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Forgive me for not knowing any proper terms, I'm trying to teach myself math on YouTube.

This is what I CAN do: if I want to find the x-intercept of $y=-\sqrt {x+2}+3$, I know to replace the y with 0 and to add the square root term to both sides (canceling out the right side). I square both sides (removing the square root) and then solve for x.

$x = 7$

I've checked this with an online graphing calculator. But as a challenge and to help me understand further, I wanted to figure this out the difficult way.

This is what I CAN'T figure out, when I square both sides immediately:

$(0)^2 = (-\sqrt{x+2} + 3)^2$

$0 = (-\sqrt{x+2} + 3)(-\sqrt{x+2} + 3)$

Yeah, from that point on, I have tried to figure this out on paper and simply cannot. Is this futile to try it this way? Thank you!

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  • $\begingroup$ Thank you. I removed the extra square (just a typo). Question still stands! $\endgroup$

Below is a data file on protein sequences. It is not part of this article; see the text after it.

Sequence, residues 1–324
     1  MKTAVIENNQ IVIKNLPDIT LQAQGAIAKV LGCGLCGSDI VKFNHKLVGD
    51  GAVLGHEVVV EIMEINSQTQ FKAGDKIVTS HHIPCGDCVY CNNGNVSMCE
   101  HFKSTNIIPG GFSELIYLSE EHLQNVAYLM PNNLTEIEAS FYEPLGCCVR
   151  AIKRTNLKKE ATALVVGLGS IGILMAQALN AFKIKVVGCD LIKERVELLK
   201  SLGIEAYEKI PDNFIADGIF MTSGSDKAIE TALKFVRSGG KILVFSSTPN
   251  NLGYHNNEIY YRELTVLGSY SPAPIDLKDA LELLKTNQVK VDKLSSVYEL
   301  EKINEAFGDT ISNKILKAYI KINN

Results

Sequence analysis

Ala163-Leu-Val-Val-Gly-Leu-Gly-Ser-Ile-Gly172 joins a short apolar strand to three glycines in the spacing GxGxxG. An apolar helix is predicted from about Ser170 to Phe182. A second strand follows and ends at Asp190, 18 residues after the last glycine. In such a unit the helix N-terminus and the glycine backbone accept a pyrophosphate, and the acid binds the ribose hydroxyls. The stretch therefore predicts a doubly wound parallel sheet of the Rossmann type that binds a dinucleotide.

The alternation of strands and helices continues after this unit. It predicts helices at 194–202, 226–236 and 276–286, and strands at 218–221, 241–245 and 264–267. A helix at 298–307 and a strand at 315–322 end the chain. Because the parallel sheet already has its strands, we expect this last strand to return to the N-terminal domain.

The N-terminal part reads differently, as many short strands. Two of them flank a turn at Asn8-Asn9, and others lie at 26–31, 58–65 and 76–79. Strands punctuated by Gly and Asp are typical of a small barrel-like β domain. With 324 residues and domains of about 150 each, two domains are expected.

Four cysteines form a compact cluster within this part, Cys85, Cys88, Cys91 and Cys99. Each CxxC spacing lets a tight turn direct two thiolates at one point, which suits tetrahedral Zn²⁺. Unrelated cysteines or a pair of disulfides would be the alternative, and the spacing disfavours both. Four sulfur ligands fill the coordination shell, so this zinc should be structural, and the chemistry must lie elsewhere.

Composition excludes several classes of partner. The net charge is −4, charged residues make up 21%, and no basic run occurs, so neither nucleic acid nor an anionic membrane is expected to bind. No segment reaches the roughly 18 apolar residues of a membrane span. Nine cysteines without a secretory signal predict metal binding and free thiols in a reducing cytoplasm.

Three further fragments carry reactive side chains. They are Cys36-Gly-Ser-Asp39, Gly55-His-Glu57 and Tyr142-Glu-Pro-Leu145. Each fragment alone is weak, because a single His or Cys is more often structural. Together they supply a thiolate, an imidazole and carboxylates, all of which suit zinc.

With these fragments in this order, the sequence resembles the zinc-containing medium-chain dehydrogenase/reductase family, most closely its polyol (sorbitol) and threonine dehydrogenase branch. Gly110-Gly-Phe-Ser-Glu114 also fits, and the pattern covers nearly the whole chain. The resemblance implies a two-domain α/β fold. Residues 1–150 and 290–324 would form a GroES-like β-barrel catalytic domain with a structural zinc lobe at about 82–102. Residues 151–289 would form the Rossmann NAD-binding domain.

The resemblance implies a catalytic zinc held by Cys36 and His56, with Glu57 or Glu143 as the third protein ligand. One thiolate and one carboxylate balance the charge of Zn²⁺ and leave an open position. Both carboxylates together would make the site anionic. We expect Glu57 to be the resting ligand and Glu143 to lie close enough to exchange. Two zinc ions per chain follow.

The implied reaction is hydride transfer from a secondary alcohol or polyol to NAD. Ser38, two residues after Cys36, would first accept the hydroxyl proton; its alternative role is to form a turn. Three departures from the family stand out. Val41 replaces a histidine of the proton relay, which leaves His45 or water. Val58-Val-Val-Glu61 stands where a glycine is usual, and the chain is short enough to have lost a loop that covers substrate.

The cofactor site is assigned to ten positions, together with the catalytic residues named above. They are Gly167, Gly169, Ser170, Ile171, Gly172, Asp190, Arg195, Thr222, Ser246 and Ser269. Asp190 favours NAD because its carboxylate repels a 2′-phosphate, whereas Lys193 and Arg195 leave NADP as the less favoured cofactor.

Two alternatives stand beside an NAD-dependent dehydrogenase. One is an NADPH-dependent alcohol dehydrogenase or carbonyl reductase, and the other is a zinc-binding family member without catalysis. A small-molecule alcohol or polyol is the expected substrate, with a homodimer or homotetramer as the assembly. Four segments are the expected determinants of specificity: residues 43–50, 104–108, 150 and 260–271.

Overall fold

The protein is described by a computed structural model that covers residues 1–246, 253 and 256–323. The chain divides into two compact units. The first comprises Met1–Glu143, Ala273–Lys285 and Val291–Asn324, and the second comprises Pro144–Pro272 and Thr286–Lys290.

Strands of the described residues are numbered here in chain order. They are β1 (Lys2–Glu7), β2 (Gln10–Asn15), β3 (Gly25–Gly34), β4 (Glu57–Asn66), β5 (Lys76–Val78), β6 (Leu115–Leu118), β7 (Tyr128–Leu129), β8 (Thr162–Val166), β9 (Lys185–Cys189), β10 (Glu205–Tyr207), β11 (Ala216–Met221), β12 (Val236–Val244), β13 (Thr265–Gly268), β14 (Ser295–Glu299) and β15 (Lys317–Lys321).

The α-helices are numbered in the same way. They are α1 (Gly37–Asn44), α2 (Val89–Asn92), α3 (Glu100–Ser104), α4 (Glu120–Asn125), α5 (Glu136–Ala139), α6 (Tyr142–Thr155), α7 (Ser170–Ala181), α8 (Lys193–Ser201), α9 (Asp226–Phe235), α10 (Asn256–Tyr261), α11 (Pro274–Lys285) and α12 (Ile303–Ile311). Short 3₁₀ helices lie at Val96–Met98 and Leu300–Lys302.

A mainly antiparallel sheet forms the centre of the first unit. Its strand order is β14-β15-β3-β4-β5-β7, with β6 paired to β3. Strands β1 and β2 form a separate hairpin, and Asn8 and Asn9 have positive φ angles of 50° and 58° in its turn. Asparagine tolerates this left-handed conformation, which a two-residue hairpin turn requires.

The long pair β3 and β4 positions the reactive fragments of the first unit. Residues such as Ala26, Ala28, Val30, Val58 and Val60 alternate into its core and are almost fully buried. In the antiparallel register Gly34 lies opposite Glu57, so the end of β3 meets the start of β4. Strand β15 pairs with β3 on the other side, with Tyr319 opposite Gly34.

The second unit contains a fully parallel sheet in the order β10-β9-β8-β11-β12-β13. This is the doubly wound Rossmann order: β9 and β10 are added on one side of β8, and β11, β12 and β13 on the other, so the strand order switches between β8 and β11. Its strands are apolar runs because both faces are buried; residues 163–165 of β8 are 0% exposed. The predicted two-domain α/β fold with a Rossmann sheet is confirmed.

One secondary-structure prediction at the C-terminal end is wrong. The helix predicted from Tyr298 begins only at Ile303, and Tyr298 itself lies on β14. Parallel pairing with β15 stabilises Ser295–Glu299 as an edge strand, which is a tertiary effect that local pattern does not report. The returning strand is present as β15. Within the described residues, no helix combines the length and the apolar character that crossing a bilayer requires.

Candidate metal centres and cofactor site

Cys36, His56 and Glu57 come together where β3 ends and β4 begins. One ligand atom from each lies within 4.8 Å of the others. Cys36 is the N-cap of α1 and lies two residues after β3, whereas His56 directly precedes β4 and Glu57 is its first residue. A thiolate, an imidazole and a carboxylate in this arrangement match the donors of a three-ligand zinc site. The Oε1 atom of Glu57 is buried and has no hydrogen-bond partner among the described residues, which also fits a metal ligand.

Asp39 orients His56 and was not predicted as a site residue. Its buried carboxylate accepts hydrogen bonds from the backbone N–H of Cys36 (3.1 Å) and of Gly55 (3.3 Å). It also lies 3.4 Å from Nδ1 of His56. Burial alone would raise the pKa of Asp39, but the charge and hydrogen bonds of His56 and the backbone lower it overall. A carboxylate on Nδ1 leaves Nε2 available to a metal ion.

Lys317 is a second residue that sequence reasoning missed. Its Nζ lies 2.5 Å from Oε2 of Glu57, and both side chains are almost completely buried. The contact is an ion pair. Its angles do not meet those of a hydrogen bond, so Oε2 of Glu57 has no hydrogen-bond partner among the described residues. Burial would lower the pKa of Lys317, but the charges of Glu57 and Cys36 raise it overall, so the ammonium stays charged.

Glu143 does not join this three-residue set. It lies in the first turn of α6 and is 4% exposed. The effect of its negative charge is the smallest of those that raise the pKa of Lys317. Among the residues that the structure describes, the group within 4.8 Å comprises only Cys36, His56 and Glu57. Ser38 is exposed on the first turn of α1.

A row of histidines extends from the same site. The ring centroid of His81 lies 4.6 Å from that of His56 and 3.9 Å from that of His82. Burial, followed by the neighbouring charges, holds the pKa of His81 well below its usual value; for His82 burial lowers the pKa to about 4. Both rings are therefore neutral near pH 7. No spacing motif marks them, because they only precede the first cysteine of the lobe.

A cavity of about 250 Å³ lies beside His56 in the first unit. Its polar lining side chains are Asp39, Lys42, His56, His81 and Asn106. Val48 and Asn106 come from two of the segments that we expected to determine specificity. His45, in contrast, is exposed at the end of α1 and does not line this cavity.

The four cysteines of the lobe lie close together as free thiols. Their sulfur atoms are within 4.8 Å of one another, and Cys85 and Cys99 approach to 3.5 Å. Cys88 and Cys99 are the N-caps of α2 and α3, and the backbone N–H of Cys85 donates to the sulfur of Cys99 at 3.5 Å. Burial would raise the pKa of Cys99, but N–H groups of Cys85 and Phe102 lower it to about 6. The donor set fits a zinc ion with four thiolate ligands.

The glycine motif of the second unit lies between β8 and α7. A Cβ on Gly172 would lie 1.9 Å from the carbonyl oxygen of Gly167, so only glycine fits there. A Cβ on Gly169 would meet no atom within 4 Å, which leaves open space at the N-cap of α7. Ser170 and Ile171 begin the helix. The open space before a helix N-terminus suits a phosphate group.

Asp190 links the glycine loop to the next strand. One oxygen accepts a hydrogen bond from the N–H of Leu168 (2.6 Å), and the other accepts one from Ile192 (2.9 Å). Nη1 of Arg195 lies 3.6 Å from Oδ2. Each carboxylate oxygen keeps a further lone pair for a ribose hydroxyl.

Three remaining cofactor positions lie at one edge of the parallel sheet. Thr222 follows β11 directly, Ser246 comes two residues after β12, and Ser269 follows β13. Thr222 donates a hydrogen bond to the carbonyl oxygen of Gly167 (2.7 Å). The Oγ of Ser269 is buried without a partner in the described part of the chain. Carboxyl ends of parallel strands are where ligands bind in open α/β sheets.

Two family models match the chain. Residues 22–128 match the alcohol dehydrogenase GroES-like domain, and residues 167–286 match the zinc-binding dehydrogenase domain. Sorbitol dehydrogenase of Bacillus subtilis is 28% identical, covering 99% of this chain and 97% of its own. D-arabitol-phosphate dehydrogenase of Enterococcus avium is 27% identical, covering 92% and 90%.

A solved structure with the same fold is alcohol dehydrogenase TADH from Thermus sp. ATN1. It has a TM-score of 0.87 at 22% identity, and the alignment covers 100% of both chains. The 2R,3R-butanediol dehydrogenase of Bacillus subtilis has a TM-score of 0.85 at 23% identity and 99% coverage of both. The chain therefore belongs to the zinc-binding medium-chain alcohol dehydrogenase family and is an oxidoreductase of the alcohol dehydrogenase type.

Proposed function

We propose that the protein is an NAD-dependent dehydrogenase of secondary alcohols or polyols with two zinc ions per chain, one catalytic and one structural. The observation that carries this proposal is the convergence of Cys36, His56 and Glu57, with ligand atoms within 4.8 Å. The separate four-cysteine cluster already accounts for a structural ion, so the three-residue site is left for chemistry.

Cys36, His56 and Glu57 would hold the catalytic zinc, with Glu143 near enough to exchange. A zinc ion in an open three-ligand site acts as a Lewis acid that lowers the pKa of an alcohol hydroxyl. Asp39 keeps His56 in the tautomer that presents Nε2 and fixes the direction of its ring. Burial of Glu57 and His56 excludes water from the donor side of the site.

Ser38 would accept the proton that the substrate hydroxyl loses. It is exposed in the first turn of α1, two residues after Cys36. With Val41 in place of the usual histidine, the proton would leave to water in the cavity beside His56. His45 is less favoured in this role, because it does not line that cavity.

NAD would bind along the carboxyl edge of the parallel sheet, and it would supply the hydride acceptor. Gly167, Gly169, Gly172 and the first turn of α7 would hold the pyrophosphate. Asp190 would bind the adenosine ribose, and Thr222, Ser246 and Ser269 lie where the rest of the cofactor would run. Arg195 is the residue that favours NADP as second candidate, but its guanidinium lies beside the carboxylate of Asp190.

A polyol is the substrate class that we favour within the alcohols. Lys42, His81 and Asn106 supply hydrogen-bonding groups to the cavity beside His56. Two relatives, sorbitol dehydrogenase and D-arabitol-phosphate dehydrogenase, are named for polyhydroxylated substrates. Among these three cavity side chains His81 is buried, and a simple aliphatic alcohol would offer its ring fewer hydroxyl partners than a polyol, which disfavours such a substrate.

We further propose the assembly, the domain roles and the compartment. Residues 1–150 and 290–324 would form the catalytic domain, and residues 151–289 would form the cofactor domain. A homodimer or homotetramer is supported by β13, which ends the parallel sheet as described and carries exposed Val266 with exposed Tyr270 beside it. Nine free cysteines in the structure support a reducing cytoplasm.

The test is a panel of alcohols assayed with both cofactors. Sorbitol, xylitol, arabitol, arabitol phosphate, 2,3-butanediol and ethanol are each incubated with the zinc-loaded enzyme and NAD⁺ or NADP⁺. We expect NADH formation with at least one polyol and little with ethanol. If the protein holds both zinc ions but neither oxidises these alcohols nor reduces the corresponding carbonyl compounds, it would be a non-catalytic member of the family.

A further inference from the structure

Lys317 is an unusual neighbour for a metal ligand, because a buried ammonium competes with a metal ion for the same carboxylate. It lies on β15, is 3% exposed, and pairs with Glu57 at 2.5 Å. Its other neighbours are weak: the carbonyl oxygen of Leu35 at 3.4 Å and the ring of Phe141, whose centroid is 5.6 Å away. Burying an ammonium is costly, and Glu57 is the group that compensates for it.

– Chris
    Commented Dec 5, 2021 at 19:45

2 Answers 2

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It is futile to try this way, but it actually works. We have \begin{equation} 0 = (-\sqrt{x+2}+3)^2 = (x+2)- 6\sqrt{x+2} + 9 \end{equation} But $\sqrt{x+2} = 3$, hence $x + 2 - 18 + 9 = 0$, hence $x=7$, which in turn is indeed a solution of the original equation.

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  • $\begingroup$ Yes, I see that extra step I was missing (replacing the square root phrase with the number 3), which is where the futility comes in haha. Thank you, this is exactly what I was looking for to help me just that much more. $\endgroup$
    – Chris
    Commented Dec 5, 2021 at 20:01
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I don't believe that squaring the equation $0=-\sqrt{x+2}+3$ will get you any closer to the solution $x=7$. Instead, you can remove the radical by multiplying by the radical conjugate:

$$0(\sqrt{x+2}+3)=(-\sqrt{x+2}+3)(\sqrt{x+2}+3)$$ $$\Rightarrow 0=-(x+2)+9$$ $$\Rightarrow x=7$$

Note that this process does not introduce any extraneous roots, since $\sqrt{x+2}+3>0$ for all $x$.

If you still wanted to square your equation first, you could still solve it by multiplying by the new radical conjugate, but this would result in a quadratic, and an extraneous solution.

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  • $\begingroup$ Fascinating, that is another way to solving this. Thank you so much, I will try to remember the word "conjugate" (which I've seen before) for future problems. What interested me is how it retains the negative sign, something I struggle with and like to practice using. Thank you again! $\endgroup$
    – Chris
    Commented Dec 5, 2021 at 20:07

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